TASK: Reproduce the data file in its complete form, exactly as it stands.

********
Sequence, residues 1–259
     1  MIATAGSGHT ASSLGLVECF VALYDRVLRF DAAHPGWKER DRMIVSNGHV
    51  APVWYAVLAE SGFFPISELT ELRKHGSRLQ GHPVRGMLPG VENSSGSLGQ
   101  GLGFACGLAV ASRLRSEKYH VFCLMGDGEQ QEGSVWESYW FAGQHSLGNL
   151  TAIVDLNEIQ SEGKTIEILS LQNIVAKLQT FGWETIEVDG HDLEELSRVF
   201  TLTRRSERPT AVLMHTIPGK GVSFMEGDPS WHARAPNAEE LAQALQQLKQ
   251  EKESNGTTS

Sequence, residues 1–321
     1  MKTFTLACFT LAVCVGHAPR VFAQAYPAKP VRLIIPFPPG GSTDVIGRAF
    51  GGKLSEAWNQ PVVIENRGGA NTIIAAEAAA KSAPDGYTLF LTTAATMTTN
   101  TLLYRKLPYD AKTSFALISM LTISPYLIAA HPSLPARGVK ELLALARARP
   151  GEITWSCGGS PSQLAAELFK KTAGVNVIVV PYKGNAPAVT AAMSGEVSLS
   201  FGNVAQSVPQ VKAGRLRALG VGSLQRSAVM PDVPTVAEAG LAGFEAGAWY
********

Sequence, residues 1–259
     1  MIATAGSGHT ASSLGLVECF VALYDRVLRF DAAHPGWKER DRMIVSNGHV
    51  APVWYAVLAE SGFFPISELT ELRKHGSRLQ GHPVRGMLPG VENSSGSLGQ
   101  GLGFACGLAV ASRLRSEKYH VFCLMGDGEQ QEGSVWESYW FAGQHSLGNL
   151  TAIVDLNEIQ SEGKTIEILS LQNIVAKLQT FGWETIEVDG HDLEELSRVF
   201  TLTRRSERPT AVLMHTIPGK GVSFMEGDPS WHARAPNAEE LAQALQQLKQ
   251  EKESNGTTS

Sequence, residues 1–321
     1  MKTFTLACFT LAVCVGHAPR VFAQAYPAKP VRLIIPFPPG GSTDVIGRAF
    51  GGKLSEAWNQ PVVIENRGGA NTIIAAEAAA KSAPDGYTLF LTTAATMTTN
   101  TLLYRKLPYD AKTSFALISM LTISPYLIAA HPSLPARGVK ELLALARARP
   151  GEITWSCGGS PSQLAAELFK KTAGVNVIVV PYKGNAPAVT AAMSGEVSLS
   201  FGNVAQSVPQ VKAGRLRALG VGSLQRSAVM PDVPTVAEAG LAGFEAGAWY